JUST BECAUSE IT'S SO BEAUTIFUL!!! : 3D texture map of a Nike Men's Fly Knit Sneaker.

Prizmiq was a tech startup that, before closing its doors in January of 2015, created and served 3D product experiences to mobile and web technologies. Prizmiq had two symbiotic areas of expertise: 3D product photography known as "photogrammetry" and digital image processing; and lightweight, customizable 3D-object viewing software designed to embed into e-commerce solutions. Prizmiq's products allowed users to interact with product images, twisting, turning, zooming in, zooming out—on mobile devices and the web. 

Prizmiq – interactive 3D product experiences / startup
May 2015-February 2016 — Creative Director [contract]
Integral part of strategic development on the executive team. Please contact CEO, Darrick Morrison for reference at 425-736-2781.

 ·  Rapid redesign of company website
 ·  Established the look and feel for all digital and printed materials
 ·  Created the company’s investor pitch deck (30 plus iterations)
 ·  UX and UI for future product features
 ·  UX for new product experiences in the Content Management System [CMS]
 ·  Multiple presentation decks (Adidas, shoes.com, internal)
 ·  Designed business cards, and other printed collateral 

To get the quickest idea of what Prizmiq does, have a look at the website link. I did design and help oversee the development of this, but please keep in mind, this site was merely a “bandaid.” Something we created on the fly, with hopes of ensuring we were representing ourselves in the best light. The goal was a more glamorous 3D site, but we needed to immediately replace the original lackluster site.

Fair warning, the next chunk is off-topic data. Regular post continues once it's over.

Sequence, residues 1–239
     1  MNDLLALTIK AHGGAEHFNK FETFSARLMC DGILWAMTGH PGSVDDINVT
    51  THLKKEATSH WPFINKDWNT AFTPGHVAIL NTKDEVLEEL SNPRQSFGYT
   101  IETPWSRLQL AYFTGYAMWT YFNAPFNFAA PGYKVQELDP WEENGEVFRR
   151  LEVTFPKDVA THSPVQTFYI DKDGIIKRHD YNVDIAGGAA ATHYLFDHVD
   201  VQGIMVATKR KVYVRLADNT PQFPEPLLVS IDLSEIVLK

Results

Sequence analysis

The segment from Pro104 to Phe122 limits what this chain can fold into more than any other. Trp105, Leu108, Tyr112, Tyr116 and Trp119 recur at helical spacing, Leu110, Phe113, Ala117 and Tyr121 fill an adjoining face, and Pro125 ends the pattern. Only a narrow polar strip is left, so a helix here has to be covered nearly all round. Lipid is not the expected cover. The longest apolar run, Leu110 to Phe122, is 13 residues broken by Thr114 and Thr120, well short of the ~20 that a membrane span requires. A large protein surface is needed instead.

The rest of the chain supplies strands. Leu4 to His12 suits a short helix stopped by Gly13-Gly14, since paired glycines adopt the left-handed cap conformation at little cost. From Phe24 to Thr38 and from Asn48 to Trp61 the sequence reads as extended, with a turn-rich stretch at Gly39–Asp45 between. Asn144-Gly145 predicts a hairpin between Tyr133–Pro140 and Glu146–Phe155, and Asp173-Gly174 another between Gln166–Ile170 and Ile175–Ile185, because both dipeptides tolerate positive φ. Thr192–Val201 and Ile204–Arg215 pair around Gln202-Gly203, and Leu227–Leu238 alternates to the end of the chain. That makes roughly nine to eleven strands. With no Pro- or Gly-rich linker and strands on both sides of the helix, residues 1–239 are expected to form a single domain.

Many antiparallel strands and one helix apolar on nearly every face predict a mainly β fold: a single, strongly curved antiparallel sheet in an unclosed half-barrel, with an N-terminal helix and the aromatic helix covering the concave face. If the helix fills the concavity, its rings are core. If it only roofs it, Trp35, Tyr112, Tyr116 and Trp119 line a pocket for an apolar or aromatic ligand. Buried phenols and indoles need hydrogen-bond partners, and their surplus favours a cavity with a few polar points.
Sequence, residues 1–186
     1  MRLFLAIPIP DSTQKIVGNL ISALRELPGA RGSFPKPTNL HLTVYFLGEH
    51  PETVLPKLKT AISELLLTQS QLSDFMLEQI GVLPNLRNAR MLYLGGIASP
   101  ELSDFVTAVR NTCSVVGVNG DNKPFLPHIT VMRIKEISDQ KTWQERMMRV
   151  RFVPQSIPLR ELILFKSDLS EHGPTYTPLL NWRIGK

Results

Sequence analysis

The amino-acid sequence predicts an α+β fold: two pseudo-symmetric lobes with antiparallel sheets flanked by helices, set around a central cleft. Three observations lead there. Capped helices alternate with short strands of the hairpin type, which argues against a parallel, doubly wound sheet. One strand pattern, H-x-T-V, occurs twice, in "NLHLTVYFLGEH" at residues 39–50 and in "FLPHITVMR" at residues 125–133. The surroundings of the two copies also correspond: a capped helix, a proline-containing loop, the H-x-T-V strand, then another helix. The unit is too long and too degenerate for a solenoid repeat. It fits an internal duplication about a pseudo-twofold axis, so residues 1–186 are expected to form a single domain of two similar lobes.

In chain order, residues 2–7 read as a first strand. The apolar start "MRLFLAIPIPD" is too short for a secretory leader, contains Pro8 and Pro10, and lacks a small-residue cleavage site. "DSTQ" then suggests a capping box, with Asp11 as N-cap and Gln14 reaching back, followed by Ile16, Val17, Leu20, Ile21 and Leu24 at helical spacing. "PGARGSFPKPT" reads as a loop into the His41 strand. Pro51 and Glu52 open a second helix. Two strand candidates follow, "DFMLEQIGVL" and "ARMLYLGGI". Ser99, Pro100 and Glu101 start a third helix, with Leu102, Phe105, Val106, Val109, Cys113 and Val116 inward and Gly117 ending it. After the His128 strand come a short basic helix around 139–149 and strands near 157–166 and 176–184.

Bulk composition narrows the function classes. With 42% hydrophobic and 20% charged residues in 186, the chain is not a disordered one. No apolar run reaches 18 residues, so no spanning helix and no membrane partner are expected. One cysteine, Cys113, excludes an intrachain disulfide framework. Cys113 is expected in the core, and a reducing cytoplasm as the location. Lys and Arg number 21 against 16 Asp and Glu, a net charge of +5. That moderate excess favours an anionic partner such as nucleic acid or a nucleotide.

Refresh the existing website as rapidly as possible, adding immediate representation of what we do and with a live interactive samples of products in our 3D viewer. 

client: PRIZMIQ 
task: WEB DESIGN - temp web refresh to immediately highlight demo + 3D viewer w/ samples 
image (above): LANDING PAGE [screencapture]
image (below): BEFORE/AFTER web refresh
Prizmiq’s branding was pretty straight forward when I arrived. They’d come from an incubator in Seattle, called Nine Mile Labs, so they weren’t in a bad place to begin with where their branding was concerned. My biggest issue from the start was the colors. I though the color scheme was kinda weak and the lighter colors felt very washed out in most applications. I addressed this and shifted to a more cohesive color story for the brand, adopting a more blue schematic and abandoning the sea foam greens. I also balanced the scale relationship between the mark and the type.

prizmiq - brand color refresh and expanded brand DNA

The next couple of slides are storyboard views of a few of the keynote presentations I created at Prizmiq. They range from UX/UI explorations to the Prizmiq Investor Pitch Deck, which I composed, evolved 31 versions of, and pitched in the absence of the CEO. Say the word, I'm happy to share any of these presentations with you.
Prizmiq Investor Pitch Deck, storyboard view
Prizmiq "Exclusive Opportunity" Deck, storyboard view
Prizmiq custom UX/UI solutions deck for OnlineShoes.com, storyboard view
Prizmiq UX/UI micro-solution for Prizmiq Content Management System [CMS] challenge